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RIPv1 Applicability Statement for Historic Status (RFC1923)

IP.com Disclosure Number: IPCOM000004236D
Original Publication Date: 1996-Mar-01
Included in the Prior Art Database: 2019-Feb-12
Document File: 3 page(s) / 4K

Publishing Venue

Internet Society Requests For Comment (RFCs)

Related People

J. Halpern: AUTHOR [+1]

Related Documents

10.17487/RFC1923: DOI

Abstract

RIP Version 1 [RFC-1058] has been declared an historic document. This Applicability statement provides the supporting motivation for that declaration. The primary reason, as described below, is the Classful nature of RIPv1. This memo provides information for the Internet community. This memo does not specify an Internet standard of any kind.

This text was extracted from a PDF file.
This is the abbreviated version, containing approximately 60% of the total text.

Network Working Group J. Halpern Request for Comments: 1923 Newbridge Networks Category: Informational S. Bradner Harvard University March 1996

RIPv1 Applicability Statement for Historic Status

Status of this Memo

This memo provides information for the Internet community. This memo does not specify an Internet standard of any kind. Distribution of this memo is unlimited.

Abstract

RIP Version 1 [RFC-1058] has been declared an historic document. This Applicability statement provides the supporting motivation for that declaration. The primary reason, as described below, is the Classful nature of RIPv1.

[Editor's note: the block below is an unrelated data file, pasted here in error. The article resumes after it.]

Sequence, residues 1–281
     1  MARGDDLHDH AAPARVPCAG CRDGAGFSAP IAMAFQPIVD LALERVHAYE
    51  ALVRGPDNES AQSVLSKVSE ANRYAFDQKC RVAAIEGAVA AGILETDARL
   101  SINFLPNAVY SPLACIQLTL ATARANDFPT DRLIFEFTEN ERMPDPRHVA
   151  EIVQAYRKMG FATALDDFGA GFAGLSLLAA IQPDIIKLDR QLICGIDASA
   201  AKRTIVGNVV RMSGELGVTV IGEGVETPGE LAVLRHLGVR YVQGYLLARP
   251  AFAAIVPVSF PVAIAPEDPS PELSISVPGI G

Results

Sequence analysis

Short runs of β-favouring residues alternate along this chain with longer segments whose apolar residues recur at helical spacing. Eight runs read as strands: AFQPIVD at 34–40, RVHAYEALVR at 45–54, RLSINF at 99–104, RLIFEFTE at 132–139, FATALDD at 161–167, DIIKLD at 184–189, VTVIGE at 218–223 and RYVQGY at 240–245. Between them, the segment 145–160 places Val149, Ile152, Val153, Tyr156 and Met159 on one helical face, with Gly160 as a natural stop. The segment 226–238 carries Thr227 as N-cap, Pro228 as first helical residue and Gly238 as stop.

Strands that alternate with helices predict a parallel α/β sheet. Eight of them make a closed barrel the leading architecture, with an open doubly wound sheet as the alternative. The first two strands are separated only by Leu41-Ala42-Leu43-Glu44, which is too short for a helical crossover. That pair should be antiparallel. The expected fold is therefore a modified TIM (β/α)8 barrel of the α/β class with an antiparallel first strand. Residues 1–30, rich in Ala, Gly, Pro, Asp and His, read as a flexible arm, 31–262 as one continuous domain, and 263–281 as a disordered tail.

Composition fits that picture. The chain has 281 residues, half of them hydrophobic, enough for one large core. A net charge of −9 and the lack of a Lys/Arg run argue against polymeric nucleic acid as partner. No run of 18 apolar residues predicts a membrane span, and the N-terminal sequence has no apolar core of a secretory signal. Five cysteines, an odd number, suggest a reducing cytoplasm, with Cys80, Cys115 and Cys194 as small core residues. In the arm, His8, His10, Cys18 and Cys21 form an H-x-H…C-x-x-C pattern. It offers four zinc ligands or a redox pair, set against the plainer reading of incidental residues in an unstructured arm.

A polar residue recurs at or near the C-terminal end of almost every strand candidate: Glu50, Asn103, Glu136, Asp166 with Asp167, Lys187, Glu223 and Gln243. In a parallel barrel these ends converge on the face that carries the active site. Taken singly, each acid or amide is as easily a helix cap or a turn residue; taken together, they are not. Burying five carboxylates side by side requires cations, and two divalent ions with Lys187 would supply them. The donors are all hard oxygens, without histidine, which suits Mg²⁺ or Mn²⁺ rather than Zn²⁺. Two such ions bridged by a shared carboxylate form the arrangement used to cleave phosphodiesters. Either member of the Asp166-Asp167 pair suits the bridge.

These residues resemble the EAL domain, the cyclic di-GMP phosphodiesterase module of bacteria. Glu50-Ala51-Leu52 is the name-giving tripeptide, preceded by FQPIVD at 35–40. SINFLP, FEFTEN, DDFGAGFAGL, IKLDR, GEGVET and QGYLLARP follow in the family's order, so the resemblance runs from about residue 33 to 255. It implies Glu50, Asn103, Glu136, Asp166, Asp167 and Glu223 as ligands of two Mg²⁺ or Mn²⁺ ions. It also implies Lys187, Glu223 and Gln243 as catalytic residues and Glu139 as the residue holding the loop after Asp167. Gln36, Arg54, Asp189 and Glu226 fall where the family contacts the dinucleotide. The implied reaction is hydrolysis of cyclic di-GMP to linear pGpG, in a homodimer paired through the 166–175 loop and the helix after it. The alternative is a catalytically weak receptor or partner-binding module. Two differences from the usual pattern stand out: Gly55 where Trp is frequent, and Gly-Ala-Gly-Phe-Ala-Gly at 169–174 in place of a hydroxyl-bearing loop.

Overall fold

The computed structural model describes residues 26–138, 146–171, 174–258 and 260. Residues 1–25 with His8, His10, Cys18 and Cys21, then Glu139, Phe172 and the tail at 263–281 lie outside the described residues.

1.0 Introduction

RIP version 1 (RIPv1) (as defined by RFC 1058) was one of the first dynamic routing protocols used in the internet. It was developed as a technique for passing around network reachability information for what we now consider relatively simple topologies.

The Internet has changed significantly since RIPv1 was defined, particularly with the introduction and use of subnets and CIDR.

While RIPv1 is widely used in private networks, it can no longer be considered applicable for use in the global Internet.

2.0 RIPv1 restrictions

RIPv1 has a number of restrictions and behaviors which restrict its useability in the global Internet.

2.1 Classfulness

Chief among these is that it is a classful routing protocol. RIP packets do not carry prefix masks. The prefix length is inferred from the address. For non-local addresses, the prefix is always the "natural" (classful) length. (e.g., 24 bits for a "Class C" network address.) For networks to which a local interface exists, if the interface is subnetted with some specific mask, then RIPv1 assumes

Halpern & Bradner Informational [Page 1]

RFC 1923 RIPv1 Applicability Statement for Historic Status March 1996

that the mask used locally is the correct mask to apply for all subnets of that network.

This has a number of effects.

1) RIPv1 can not be used with variable length subnetting. In the presence of variable length subnetting it will consistently misinterpret prefix lengths.

2) RIPv1 is difficult to use with supernetting. All CIDR supernets must be exploded and advertised to RIPv1 as individual "natural" classful advertisements.

3) Even when the networks running RIPv1 are themselves only subnetted in fixed ways, if the remainder of the network has variable subnetting then one must carefully make sure that RIPv1 does not destroy the mask information when it passes through those subnets running RIPv1. Put another way, co-existence with mutual information exchange between RIPv1 and more advanced routing protocols is problematic at best. Note that this applies even when the other routing protocol is RIPv2.

4) The Internet will soon be making use of addresses which appear to RIPv1 to be parts of Class A networks. Networks using RIPv1 may not be able...

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